Jun: Galileo leaves Padua to take a new, more lucrative position in Tuscany


Galileo goes to Rome: He is cordially received by the Jesuit astronomers and Pope Paul V


Galileo Attacked: Father Tommasso Caccini attacks Galileo in a sermon in Florence, and later denounces him to the Inquisition.


Galileo's 2nd Rome Visit: Galileo returns to Rome.
March: Papal commission issues edict against Copernican theory; Cardinal Bellarmine orders Galileo to cease in his support of heliocentricity.
June : Galileo again leaves Rome.


Death of Cardinal Bellarmine


Galileo's 3rd trip to Rome
June : Urban VIII becomes Pope; Galileo visits him in Rome.
Oct: Galileo's treatise on comets, The Assayer, is published with Urban VIII's blessing.


Galileo writes the Dialogue

Galileo works on his Dialogue Concerning the Two Chief World Systems from his home outside Florence.


Feb: The Dialogue Concerning the Two Chief World Systems published in Florence, with tentative Papal approval, but:
Aug: The Papal Inquisition bans further printing of the Dialogue.
Sept: Galileo is summoned to Rome again.


Trial of Galileo

Feb 13: Galileo arrives in Rome
Apr 12: Galileo interrogated for the first time. Afterwards, he is imprisoned in the Vatican for three weeks.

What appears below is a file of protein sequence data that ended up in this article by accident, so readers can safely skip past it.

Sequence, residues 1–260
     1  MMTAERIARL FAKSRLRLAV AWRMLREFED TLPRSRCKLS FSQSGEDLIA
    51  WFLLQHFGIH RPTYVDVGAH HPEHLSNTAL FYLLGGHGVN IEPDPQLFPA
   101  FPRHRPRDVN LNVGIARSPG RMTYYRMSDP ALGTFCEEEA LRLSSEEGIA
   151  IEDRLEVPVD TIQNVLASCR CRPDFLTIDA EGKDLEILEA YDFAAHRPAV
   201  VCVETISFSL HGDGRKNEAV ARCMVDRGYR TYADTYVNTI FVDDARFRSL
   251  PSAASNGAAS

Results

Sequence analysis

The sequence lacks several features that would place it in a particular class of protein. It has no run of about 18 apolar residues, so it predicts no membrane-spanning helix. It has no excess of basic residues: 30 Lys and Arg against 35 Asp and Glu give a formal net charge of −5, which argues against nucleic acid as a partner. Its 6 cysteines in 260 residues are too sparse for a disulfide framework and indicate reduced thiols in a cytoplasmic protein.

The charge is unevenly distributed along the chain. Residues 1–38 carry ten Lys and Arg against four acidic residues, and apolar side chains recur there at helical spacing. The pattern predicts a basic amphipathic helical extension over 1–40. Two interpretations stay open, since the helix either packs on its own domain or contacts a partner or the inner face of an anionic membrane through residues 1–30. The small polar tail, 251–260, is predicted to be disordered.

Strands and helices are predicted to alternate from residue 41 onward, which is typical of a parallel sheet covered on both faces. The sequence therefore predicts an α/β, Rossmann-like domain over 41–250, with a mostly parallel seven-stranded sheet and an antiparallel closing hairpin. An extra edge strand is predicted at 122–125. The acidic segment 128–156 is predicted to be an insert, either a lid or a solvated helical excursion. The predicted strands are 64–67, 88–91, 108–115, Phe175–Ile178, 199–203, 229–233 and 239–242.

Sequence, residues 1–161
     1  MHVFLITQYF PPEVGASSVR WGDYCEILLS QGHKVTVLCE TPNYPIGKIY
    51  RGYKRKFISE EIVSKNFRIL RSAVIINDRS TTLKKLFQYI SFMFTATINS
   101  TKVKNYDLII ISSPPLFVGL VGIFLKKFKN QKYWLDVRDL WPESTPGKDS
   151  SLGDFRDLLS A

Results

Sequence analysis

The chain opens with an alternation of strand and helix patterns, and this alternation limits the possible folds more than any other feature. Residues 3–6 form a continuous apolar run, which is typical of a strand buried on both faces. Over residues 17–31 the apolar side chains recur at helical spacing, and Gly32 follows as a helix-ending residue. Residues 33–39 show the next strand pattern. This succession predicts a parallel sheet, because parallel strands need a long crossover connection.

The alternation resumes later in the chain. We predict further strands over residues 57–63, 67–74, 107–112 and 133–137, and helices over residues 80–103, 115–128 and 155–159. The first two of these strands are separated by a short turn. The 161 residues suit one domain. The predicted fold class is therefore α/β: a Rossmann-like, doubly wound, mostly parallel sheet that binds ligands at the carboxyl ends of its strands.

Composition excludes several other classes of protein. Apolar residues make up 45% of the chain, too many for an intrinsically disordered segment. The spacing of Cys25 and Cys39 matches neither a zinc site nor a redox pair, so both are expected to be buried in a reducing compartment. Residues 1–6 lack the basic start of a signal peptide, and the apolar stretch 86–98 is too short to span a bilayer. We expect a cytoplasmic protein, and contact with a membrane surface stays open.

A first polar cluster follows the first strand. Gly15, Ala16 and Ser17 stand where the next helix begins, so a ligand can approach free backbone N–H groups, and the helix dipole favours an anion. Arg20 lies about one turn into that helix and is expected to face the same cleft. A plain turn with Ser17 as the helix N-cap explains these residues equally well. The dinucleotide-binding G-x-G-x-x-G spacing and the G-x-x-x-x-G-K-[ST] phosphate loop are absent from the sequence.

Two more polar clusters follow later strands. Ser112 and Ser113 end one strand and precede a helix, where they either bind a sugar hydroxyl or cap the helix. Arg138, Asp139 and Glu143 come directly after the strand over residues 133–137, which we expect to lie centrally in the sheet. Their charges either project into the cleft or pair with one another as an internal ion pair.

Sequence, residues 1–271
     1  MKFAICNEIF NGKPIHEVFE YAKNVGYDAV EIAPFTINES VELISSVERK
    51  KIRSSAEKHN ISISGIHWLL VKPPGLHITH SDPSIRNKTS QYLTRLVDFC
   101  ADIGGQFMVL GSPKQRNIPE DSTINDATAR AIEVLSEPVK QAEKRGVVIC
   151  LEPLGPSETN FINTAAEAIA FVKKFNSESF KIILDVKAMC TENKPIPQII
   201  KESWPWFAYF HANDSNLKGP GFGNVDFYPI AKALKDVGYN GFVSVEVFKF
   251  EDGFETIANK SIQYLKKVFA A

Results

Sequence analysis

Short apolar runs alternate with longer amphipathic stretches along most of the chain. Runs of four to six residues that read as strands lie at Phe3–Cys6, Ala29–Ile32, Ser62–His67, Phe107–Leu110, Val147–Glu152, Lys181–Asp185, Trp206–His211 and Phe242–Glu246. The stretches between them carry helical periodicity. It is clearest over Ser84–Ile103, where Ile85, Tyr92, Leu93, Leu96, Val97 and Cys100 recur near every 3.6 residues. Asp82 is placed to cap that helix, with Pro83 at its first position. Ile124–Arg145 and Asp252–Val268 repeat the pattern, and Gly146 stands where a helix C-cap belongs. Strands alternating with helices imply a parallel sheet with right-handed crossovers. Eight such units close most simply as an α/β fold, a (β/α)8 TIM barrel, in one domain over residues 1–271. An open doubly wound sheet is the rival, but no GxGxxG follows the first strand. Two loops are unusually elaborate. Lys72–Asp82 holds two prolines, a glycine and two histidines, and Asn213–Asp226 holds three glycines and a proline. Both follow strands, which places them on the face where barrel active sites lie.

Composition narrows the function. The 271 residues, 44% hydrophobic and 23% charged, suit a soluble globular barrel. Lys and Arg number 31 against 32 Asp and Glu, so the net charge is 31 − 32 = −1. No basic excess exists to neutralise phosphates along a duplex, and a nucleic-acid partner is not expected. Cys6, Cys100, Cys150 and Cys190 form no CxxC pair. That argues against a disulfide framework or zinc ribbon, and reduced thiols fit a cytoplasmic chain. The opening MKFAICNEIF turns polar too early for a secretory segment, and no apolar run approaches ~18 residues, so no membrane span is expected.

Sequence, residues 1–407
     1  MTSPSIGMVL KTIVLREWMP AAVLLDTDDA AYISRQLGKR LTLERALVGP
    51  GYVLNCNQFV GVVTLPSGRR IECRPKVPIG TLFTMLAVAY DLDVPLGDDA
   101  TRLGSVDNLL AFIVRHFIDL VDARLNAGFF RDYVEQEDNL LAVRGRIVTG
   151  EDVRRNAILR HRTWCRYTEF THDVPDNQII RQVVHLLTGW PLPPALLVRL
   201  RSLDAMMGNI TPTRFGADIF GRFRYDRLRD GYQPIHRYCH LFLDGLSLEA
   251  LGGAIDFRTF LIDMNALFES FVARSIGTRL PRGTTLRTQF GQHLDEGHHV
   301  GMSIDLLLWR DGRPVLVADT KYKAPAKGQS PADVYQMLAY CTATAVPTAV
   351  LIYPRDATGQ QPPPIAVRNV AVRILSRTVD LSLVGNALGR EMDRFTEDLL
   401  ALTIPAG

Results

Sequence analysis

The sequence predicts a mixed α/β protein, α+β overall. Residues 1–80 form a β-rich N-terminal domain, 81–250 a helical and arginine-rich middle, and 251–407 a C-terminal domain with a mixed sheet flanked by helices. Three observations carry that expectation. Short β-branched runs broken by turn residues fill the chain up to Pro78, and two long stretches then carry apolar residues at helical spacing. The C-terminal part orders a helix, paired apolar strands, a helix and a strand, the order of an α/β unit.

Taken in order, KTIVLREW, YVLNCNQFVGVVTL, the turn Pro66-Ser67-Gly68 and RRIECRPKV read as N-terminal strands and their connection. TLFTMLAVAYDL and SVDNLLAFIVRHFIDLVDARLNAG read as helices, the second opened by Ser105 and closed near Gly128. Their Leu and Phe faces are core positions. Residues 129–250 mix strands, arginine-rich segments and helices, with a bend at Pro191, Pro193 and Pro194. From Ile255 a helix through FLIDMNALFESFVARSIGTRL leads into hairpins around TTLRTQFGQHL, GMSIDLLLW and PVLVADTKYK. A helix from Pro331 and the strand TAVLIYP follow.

Apr 30: Galileo interrogated again, and allowed to return to the home of the Tuscan ambassador.
May 10: Third interrogation; Galileo begs for mercy.
Jun 21: · Final interrogation. The following day, Galileo is officially charged with heresy; he is forced to confess his errors, renounce the Copernican system, and accept the Church's judgment. He is sentenced to imprisonment "for a period determinable at our pleasure."
Dec: Galileo is allowed to return to the village of Arcetri, outside Florence, where he lives under house arrest.


Galileo's eyesight begins to fail.


Galileo's Dialogues Concerning Two New Sciences is published in Holland. John Milton visits Galileo in Arcetri.


January 8, 1642: Death of Galileo